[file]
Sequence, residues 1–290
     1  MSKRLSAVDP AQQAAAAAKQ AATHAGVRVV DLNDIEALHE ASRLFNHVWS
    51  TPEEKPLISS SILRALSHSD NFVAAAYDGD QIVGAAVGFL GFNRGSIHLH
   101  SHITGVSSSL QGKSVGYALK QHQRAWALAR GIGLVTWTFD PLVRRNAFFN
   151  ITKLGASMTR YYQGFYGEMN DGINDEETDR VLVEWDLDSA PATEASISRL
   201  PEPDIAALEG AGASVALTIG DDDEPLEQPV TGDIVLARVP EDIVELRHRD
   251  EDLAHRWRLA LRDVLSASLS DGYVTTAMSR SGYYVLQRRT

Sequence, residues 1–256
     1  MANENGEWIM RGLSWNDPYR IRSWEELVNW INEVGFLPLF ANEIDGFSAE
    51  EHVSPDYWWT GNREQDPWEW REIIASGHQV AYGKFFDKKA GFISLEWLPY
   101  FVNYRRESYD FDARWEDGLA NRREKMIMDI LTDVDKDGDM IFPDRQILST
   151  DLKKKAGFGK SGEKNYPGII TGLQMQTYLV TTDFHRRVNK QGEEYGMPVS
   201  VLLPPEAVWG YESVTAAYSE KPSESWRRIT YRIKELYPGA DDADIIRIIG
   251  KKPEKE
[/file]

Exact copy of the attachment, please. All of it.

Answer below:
Sequence, residues 1–290
     1  MSKRLSAVDP AQQAAAAAKQ AATHAGVRVV DLNDIEALHE ASRLFNHVWS
    51  TPEEKPLISS SILRALSHSD NFVAAAYDGD QIVGAAVGFL GFNRGSIHLH
   101  SHITGVSSSL QGKSVGYALK QHQRAWALAR GIGLVTWTFD PLVRRNAFFN
   151  ITKLGASMTR YYQGFYGEMN DGINDEETDR VLVEWDLDSA PATEASISRL
   201  PEPDIAALEG AGASVALTIG DDDEPLEQPV TGDIVLARVP EDIVELRHRD
   251  EDLAHRWRLA LRDVLSASLS DGYVTTAMSR SGYYVLQRRT

Sequence, residues 1–256
     1  MANENGEWIM RGLSWNDPYR IRSWEELVNW INEVGFLPLF ANEIDGFSAE
    51  EHVSPDYWWT GNREQDPWEW REIIASGHQV AYGKFFDKKA GFISLEWLPY
   101  FVNYRRESYD FDARWEDGLA NRREKMIMDI LTDVDKDGDM IFPDRQILST
   151  DLKKKAGFGK SGEKNYPGII TGLQMQTYLV TTDFHRRVNK QGEEYGMPVS
   201  VLLPPEAVWG YESVTAAYSE KPSESWRRIT YRIKELYPGA DDADIIRIIG
   251  KKPEKE